Former Tartan Farm Owner James Binger Dies
Updated: Friday, November 5, 2004 9:12 PM
Posted: Friday, November 5, 2004 11:51 AM
Photo: Anne M. Eberhardt
James Binger, operated Tartan Farms.
James Binger, the former owner of famed Tartan Farms in Florida, died Wednesday in Minnesota. The native of St. Paul was 88.
Binger was married to Virginia McKnight, the daughter of W.L. McKnight, who in the early 1960s purchased 320 acres in Florida that would become Tartan Farms. More acreage was later added. McKnight was chairman and majority stockholder of 3M. He hired John Nerud to be general manager of the farm.
The Bingers began managing the farm in late 1974. They took ownership of the farm before McKnight died in 1978. Binger was the former president and chairman of Honeywell and also owned five Broadway theatres -- the St. James, Al Hirschfeld, Virginia, Eugene O'Neill and Walter Kerr--under the name Jujamcyn Theatres. It is the third largest company on Broadway.
McKnight's first horse, a gift from employees, was Aspidistra, who would become the dam of Dr. Fager.
Bryan Howlett, who rose from groom to general manager during a three-decade association with Tartan that began in 1971, said it was "an honor" to work for Binger.
"Working for Mr. Binger provided me an education that I couldn't have gotten anywhere else, the kind you can't pay for," Howlett said. "I had opportunities I never dreamed of. He was a captain of industry with 3M and Honeywell, and when you were with him in the paddock at Saratoga you understood that, judging from the kind of people who would come over and talk to him. Yet he always had a kind word for the groom and made everyone around him feel comfortable."
Howlett recalled the difficult decision Binger made over whether to disperse Tartan's breeding stock. "He told me, 'My mind says yes but my heart says no.' He didn't want to get out of the game, and I don't really know what the reasons were. I know it was hard for him, and I still think of that comment."
The first parcel of Tartan Farms was sold to Harry T. Mangurian in 1992, according to Howlett, who said a final 400-acre section was sold to a South Florida developer several years ago.
The Bingers raced in the Tartan colors, sending out the farm's first classic winner, Codex, who took the 1980 Preakness (gr. I). He was the first classic winner trained by D. Wayne Lukas.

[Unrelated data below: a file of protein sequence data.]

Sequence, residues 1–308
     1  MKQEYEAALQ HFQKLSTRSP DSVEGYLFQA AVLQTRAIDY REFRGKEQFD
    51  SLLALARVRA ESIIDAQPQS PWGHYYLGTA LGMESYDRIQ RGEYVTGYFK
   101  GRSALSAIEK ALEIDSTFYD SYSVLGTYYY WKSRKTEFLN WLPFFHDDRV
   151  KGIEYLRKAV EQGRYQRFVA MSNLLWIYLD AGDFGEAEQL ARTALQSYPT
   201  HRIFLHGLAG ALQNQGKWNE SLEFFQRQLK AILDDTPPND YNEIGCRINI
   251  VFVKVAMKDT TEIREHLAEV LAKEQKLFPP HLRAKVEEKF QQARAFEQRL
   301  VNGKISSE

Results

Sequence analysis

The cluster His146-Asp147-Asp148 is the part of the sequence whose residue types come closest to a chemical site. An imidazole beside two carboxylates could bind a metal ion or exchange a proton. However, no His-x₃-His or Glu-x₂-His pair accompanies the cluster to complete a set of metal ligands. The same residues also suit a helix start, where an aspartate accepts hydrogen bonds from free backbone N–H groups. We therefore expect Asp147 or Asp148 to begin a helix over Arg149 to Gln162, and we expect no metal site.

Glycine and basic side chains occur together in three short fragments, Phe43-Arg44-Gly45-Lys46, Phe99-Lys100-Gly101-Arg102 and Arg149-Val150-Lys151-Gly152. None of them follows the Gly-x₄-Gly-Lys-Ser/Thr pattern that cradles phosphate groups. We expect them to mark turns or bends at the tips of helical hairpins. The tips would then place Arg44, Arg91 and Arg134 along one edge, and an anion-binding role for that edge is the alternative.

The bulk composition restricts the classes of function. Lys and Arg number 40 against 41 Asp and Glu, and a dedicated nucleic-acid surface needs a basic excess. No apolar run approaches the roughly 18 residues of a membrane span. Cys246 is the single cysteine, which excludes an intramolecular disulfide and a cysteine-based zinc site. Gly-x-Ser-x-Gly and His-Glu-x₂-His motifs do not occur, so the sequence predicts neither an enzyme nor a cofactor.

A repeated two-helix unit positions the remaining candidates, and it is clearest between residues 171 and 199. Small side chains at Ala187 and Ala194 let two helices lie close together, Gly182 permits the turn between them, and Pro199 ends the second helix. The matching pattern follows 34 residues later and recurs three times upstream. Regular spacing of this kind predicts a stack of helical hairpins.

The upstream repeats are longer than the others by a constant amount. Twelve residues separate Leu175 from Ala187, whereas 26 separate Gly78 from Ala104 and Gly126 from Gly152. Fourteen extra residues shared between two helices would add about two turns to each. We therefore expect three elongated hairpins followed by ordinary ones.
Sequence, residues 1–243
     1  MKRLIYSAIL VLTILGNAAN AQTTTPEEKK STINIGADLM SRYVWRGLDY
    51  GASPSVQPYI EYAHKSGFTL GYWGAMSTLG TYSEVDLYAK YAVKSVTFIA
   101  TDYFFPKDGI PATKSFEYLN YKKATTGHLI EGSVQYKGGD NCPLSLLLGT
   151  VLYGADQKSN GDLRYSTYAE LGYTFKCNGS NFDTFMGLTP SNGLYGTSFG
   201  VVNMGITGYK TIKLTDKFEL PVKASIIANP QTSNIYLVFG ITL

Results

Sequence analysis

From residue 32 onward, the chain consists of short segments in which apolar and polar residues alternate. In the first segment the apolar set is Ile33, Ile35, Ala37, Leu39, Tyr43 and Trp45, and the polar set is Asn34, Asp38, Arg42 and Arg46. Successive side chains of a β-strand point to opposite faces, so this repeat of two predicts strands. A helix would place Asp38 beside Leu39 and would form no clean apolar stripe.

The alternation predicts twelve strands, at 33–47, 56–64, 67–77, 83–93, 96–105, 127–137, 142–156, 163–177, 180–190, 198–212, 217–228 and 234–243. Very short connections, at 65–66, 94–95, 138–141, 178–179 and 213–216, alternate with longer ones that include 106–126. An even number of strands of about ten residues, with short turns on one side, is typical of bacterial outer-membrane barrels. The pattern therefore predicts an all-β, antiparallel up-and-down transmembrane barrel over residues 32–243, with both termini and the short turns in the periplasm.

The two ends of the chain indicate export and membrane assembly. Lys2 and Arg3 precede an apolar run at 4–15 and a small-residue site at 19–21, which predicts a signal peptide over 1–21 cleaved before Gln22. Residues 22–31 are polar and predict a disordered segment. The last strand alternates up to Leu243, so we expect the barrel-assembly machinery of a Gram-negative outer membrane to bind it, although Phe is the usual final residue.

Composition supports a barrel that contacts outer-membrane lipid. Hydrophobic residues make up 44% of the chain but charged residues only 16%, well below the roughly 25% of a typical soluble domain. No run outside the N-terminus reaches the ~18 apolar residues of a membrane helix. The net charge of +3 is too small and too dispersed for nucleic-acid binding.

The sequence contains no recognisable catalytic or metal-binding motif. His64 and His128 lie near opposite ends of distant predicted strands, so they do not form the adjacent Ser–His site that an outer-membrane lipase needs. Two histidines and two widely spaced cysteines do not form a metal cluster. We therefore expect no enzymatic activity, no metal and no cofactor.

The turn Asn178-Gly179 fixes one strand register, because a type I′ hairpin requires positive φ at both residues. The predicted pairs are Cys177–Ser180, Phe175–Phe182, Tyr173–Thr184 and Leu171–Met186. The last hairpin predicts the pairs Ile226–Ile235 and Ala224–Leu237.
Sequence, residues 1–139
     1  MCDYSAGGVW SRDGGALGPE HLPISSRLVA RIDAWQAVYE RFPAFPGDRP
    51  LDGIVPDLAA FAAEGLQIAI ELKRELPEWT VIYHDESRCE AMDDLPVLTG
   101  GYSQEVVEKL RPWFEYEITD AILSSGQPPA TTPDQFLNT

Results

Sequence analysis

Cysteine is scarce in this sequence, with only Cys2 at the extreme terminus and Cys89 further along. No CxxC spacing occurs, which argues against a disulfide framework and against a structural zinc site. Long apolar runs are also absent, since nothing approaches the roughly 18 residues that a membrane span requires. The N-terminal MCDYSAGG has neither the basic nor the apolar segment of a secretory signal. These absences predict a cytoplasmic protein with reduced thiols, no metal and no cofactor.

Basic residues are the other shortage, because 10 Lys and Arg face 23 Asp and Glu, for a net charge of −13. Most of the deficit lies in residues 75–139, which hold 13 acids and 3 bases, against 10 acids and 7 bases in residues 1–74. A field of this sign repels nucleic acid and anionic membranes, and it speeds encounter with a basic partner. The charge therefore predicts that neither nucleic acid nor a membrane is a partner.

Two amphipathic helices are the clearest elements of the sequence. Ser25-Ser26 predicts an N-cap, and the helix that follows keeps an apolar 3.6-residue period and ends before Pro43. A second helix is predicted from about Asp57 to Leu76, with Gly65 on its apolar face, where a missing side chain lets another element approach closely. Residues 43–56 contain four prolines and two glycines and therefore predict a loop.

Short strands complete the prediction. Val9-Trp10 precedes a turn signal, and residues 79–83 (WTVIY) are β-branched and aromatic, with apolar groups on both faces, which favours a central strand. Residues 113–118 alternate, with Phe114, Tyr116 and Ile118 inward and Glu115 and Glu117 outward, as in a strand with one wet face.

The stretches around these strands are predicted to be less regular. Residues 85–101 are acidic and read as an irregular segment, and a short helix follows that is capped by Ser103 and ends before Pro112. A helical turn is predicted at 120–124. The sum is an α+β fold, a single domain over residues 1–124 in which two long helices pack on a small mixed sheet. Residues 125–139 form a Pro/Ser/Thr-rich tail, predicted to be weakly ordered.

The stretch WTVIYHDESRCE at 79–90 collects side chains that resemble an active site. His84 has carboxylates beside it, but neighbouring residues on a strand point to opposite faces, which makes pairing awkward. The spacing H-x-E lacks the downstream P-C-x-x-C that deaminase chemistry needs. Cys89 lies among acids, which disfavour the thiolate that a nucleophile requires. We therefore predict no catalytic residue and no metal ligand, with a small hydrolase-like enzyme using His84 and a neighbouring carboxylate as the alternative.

"He was a wonderful owner, "Lukas said. "In fact, I have two horses for him. He came to me before Saratoga last year and said, 'I'd like to get back together with you and have a couple more racehorses.' I told him anytime he was ready to let me know. So, this year, he came to me and said, 'Can you get me a colt and a filly at the Keeneland fall sale and we'll have some fun.' I bought him a Gulch filly and a Carson City colt. He was my first classic owner, with Codex, and we've kept in contact over the years, normally renewing our friendship at Saratoga. I recently spoke to him and he told me he was going down to see his horses in Ocala, and he was just over the moon. He was delighted with them when he saw them.
"Of course, with Jim Binger came John Nerud, and John was wonderful. He's supported me all these years, and Mr. Binger supported John, letting him do whatever he wanted to do."
The Bingers (and Nerud) dispersed their stock in a dispersal sale at Fasig-Tipton Kentucky in 1987, selling yearlings in September and mares and foals in November. The yearlings brought $5.6 million, and the mares and weanlings sold for $25 million and included a Fappiano colt who would later be named Unbridled and win the Kentucky Derby (gr. I) and Breeders' Cup Classic (gr. I).
More than 100 stakes winners have been bred in the Tartan name and more than 80 were owned by Tartan.
Binger served from 1974-'96 on the board of the McKnight Foundation. Established by his in-laws in 1953, his wife ran the foundation from 1974-'87. It is the largest philanthropic foundation based in Minnesota.
Virginia Binger died in December 2002 at age 86. They had three children: James (Mac), Cynthia, and Judith. The Bingers lived in St. Paul, Minneapolis, and Ardmore, Penn., before returning to the Twin Cities, settling in Wayzata.
Jujamcyn derives its name from the names of the Bingers' children, Judith, James, and Cynthia. The Bingers launched the enterprise in the 1970s, when McKnight gave them two theatres he had acquired two decades earlier.
Judith Binger Billings died in 1989. He is survived by his son and daughter, as well as four children and four grandchildren.
A memorial service is scheduled for 1 p.m. Monday at St. Martin's-by-the-Lake Episcopal Church in Minnetonka Beach, with a reception at 3:30 p.m. at the Minneapolis Club.
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